Marco Reus: Forever number 11 – a declaration of love (opinion)

Farewell to Marco Reus
Forever Number 11: Take care, Capitano!

The Dortmund fans said goodbye to Marco Reus after 12 years with a standing ovation

© Bernd Thissen / DPA

After 12 years, Marco Reus is leaving Borussia Dortmund. He is already a legend today. And he will stay that way forever. A declaration of love.

There are four steps that lead up from the dark players’ tunnel into the dazzlingly bright floodlights of Dortmund’s Westfalenstadion. The square, 105 by 68 meters in size, surrounded by 81,365 crazy people in the stands. Many players who wore the black and yellow jersey have gone this route. Only a few have received a farewell like that Marco Reus. On Saturday he walked this route one last time.

Players like him only come around every few decades. Thomas Müller at Bayern is one of those people. It was also Francesco Totti for AS Roma – players who played practically their entire career at just one club and resisted the call of abroad and big money. Loyalty is still very important in the Ruhr area and especially in Dortmund. There can be arguments, but you have to be able to rely on each other. Probably one of the last remnants of mining. Buddies help each other. Buddies are there for each other.

He held out the bones for BVB for 12 years

Reus was there. For 12 years he literally held out his bones for black and yellow. “He always had shit on his shoe,” you can still hear in the stadium today. This refers to Reus’ medical records, which are significantly more extensive than his trophy collection. Pubic bone injury, cruciate ligament tear, lateral ligament tear – practically everything the body has to offer has been broken at some point in Reus’s life. He missed more than 140 professional games because he was in a hospital bed. And he fought his way back again and again. This perseverance alone can make you a legend.

But even when Reus was on the field, he was a perfect fit for BVB. He was unpretentious, technically almost perfect, but never resorted to unnecessary dribbling and step-overs. He perfected the beauty of the simple game. The backcourt was his territory, a flat pass from the wing and Reus’s irresistible shooting technique made the fans cheer dozens of times. Hardly any player in the history of the Bundesliga could caress the ball with the inside of his foot like him.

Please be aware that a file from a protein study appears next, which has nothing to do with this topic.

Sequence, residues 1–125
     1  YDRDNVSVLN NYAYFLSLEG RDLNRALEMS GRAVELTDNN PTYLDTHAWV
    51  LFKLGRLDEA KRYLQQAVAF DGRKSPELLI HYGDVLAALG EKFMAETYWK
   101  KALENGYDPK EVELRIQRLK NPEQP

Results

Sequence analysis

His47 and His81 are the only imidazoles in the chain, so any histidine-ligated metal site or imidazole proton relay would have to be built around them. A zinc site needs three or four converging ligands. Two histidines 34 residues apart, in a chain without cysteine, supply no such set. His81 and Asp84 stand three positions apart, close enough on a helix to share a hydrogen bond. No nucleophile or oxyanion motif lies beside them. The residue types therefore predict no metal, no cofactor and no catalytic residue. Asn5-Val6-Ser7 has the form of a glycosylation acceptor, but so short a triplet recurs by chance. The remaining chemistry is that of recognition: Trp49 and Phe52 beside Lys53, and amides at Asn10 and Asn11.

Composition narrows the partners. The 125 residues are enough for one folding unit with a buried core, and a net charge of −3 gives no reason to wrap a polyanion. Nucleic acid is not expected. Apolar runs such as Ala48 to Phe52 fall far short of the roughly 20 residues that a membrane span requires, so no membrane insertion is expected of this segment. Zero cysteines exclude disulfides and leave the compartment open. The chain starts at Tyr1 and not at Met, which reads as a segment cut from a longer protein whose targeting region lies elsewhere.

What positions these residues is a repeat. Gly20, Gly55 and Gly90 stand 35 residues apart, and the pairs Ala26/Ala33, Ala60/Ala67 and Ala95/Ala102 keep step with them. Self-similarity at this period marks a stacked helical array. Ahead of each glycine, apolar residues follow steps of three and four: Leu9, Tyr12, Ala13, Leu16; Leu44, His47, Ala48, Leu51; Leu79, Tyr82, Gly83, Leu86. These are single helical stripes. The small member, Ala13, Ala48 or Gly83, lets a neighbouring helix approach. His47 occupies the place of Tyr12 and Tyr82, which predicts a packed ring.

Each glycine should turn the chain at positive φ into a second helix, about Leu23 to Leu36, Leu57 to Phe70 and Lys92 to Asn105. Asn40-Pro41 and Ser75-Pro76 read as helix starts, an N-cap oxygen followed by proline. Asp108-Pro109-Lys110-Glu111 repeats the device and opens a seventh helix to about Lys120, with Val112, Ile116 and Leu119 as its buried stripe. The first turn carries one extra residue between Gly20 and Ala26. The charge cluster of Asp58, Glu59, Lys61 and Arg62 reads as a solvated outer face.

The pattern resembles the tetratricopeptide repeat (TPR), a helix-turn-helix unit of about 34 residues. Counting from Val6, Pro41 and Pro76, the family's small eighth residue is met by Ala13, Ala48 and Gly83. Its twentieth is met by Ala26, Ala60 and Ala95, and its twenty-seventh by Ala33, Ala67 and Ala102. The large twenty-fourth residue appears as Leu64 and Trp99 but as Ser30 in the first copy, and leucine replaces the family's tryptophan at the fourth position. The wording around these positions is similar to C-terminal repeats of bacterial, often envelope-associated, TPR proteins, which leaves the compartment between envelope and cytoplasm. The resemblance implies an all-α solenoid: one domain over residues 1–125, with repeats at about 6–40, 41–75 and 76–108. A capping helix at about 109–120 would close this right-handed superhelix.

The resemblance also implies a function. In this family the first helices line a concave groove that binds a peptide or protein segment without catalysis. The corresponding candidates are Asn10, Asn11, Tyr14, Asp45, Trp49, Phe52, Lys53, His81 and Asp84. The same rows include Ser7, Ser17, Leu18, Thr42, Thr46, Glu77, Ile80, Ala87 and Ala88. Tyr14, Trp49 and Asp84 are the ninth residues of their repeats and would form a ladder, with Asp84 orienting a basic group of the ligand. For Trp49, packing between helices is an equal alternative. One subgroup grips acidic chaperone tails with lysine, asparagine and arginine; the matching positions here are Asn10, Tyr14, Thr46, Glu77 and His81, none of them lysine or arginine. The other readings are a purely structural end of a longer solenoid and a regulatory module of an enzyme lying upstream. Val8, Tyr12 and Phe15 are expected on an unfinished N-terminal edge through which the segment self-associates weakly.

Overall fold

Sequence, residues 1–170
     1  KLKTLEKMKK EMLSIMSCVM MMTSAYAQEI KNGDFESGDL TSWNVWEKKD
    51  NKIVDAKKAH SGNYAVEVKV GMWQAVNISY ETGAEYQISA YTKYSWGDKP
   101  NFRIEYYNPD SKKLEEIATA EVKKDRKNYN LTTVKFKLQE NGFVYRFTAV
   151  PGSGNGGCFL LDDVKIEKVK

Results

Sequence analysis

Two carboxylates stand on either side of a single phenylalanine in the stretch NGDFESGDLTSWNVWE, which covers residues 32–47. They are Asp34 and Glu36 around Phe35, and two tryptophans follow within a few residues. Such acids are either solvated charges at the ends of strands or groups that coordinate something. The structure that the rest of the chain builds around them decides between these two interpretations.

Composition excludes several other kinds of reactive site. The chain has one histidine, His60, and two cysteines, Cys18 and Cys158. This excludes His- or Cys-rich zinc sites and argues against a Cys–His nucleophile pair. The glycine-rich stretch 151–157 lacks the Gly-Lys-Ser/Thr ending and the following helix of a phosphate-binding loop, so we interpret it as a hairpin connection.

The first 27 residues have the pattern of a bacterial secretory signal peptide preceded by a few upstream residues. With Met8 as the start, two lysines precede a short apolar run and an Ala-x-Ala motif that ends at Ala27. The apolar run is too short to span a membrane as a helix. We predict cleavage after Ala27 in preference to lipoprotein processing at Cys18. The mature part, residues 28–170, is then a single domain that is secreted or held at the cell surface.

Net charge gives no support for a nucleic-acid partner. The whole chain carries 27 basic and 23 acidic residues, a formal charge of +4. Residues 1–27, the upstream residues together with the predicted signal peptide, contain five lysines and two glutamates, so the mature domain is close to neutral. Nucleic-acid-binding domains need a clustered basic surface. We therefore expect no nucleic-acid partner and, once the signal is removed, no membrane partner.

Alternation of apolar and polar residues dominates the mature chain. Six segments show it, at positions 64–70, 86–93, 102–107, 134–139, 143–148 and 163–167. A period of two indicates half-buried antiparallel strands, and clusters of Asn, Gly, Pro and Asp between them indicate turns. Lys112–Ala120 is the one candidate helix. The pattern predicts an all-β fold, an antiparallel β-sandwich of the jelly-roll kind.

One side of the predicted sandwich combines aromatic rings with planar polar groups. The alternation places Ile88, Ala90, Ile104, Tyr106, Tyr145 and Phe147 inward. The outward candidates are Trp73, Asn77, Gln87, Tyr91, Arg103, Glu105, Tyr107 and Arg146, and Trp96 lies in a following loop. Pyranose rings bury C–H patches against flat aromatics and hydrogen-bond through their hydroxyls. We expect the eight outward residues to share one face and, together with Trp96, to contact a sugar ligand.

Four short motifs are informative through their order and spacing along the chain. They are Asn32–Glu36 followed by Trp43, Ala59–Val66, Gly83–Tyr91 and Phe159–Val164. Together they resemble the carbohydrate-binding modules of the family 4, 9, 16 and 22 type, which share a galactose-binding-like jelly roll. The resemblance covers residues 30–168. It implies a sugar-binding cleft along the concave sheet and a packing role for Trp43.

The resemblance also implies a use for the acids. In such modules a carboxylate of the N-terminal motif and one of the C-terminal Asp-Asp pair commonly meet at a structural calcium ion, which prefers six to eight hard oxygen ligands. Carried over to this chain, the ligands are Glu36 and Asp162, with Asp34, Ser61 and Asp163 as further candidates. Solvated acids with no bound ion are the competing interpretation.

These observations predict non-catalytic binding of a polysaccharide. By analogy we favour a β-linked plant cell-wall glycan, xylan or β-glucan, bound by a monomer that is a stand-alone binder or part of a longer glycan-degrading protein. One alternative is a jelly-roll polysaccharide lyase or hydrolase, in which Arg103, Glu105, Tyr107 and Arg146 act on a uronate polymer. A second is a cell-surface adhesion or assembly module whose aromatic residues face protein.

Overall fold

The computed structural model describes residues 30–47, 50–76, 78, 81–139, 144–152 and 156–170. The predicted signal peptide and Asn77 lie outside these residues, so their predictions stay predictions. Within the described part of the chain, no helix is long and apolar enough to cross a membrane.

This graceful, almost slight boy from Dortmund became a role model for an entire generation of fans. Almost shy off the field. His appearances were never extravagant or arrogant; for Reus, the decisive factor was always “on the pitch,” as BVB icon Adi Preißler once said.

The number 11 will always belong to Marco Reus

And he also represented Borussia Dortmund’s general upward trend over the past decade. Where Reus played from 2013 onwards, players like Steven Pienaar and Florian Kringe were on the pitch just a few years before and fighting against relegation. With Reus, sustained success also came to Dortmund.

Two Champions League finals, two DFB Cup victories, six times runner-up. Only the championship trophy was denied to Reus. And perhaps that is exactly what makes his story perfect. In Dortmund you don’t have to be a champion to become a legend.

Reus’ number 11 will be heavy as lead for many years to come. Fan initiatives even demanded that they never be given away again as a reminder of Reus. But that probably won’t be necessary. The 34-year-old has already received one of the highest honors that exists in Dortmund: Since this week, his picture has adorned the entrance to block 13 of the south stand – the block of the BVB ultras.

Whether reassigned or not: the number 11 will always belong to Marco Reus. And until we meet again all we can say is: Thank you! And: Take care, Captain!

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